Hurricane Sandy may have put your life on pause—and it shuttered Brookings, and hence, Today’s Headlines and Commentary for two days—but the world continues to turn.
From the Pakistan Tribune comes the news that Pakistan’s Foreign Minister, Hina Rabbani, formally called U.S. drone strikes unlawful, and violating Pakistan’s sovereignty and international law on Tuesday.
Kurt Volker, former U.S. Ambassador to NATO between July 2008 and May 2009, has this op-ed in the Washington Post warning the U.S. not to become too reliant on drone strikes. He suggests that “a good rule of thumb might be that we should authorize drone strikes only if we would be willing to send in a pilot or soldier to do the job if a drone were not available.”
There was another “insider attack” in Afghanistan on Monday, and two NATO troops were killed (bringing the grand total of NATO troops killed in these attacks t at least 53). And Graham Bowley of the New York Times reports on the penetration of the war into Bamian Province in Afghanistan, a region that has been almost entirely immune from the violence.
Carlo Munoz of The Hill reports on Tehran’s announcement that it has acquired drone surveillance of Israeli military facilities.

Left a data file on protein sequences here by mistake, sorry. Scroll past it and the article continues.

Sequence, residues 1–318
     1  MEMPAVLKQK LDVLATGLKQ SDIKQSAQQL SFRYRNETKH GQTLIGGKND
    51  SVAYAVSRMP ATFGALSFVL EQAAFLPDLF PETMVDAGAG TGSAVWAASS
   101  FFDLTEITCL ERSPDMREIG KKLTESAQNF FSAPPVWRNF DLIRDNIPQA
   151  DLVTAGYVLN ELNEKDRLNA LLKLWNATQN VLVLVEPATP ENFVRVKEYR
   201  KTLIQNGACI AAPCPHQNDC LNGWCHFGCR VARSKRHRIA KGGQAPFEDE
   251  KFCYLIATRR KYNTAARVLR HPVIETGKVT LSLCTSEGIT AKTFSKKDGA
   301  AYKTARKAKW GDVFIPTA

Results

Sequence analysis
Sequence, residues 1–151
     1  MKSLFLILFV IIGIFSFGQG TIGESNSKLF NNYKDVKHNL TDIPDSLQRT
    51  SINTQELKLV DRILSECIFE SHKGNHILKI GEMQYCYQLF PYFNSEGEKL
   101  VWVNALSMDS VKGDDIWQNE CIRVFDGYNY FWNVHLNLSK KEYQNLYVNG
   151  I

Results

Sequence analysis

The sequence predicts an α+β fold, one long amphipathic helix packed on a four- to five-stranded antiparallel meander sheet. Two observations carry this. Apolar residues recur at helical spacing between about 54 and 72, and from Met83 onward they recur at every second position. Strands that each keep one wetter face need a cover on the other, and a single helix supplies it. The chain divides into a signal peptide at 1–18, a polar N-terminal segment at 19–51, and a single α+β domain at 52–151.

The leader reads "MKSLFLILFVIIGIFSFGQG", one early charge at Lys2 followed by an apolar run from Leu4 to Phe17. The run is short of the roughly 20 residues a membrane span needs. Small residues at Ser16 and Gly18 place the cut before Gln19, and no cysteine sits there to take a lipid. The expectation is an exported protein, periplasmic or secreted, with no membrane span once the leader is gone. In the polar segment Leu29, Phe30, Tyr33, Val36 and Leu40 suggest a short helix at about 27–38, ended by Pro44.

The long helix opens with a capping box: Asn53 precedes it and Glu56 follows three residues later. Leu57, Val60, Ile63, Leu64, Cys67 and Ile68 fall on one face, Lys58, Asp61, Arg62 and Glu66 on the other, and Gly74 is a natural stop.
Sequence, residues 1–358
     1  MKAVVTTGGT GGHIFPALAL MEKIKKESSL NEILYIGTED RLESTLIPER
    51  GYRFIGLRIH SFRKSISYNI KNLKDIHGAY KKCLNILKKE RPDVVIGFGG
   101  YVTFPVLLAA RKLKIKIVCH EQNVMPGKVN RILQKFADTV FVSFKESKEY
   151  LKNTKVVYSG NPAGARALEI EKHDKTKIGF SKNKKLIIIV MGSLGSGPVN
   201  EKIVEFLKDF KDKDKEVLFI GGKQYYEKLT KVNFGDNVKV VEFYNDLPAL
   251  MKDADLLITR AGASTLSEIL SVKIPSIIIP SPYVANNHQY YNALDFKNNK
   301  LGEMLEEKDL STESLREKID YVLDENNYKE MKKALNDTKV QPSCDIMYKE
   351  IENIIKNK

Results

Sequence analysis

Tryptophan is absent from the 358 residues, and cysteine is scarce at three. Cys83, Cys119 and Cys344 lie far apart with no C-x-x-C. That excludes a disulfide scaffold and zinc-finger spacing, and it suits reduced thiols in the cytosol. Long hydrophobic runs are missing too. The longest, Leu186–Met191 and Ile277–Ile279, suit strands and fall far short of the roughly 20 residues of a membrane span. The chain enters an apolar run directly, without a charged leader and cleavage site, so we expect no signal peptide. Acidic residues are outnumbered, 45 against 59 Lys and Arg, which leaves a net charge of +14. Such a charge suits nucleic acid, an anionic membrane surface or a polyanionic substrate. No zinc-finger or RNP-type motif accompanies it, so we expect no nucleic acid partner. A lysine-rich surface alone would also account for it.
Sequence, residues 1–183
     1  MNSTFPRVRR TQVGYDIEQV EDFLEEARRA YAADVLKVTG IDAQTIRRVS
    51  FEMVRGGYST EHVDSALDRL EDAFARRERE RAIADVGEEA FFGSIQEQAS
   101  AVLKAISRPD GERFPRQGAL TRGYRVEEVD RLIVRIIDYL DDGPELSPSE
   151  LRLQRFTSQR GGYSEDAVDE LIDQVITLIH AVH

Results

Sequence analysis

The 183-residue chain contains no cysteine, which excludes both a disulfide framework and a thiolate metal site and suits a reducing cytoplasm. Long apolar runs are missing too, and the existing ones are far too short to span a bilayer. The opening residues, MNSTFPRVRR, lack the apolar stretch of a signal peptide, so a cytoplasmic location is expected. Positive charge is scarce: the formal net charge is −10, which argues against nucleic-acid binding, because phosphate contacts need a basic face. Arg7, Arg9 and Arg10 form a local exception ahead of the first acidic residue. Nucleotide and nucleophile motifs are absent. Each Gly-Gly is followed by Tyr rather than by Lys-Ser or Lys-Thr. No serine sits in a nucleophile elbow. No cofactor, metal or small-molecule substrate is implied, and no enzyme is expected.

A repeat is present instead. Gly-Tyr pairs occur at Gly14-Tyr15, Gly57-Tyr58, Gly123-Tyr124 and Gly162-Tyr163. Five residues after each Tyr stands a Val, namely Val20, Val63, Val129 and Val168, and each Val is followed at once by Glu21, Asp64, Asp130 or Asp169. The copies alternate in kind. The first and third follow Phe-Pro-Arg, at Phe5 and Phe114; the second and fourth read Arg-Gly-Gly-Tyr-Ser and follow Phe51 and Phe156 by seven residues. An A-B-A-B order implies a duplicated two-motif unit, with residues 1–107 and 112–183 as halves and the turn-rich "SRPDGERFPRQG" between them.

The last remaining UK resident held in Guantanamo may be released after the election, the British foreign secretary has told Parliament. Here’s Julian Pecquet of The Hill on that news.
Conor Friedersdorf, like many, read the Washington Post trio of stories on the U.S. drone strategy, and proceeds to pick it apart over at the Atlantic.
Remember when there were reports that Yasir Arafat may have been poisoned? Well, it looks like French criminal investigators are going to exhume his body to look into those allegations.
As Alan mentioned, the hardest of the hard core showed up at the Supreme Court on Monday to hear a case on the constitutionality of FISA. Here’s Nina Totenberg of NPR on the arguments.
The White House issued an executive order late last week (no, not the cybersecurity executive order we’re all waiting for) establishing a Homeland Security Partnership Council.
And speaking of cybersecurity, Jennifer Martinez reported over the weekend on the likelihood of passage in the lame duck Congress of the cybersecurity bill. Needless to say, she’s not too optimistic, particularly given the massive work still to be done.
And the New York Times Room for Debate is focused on whether we need FEMA.
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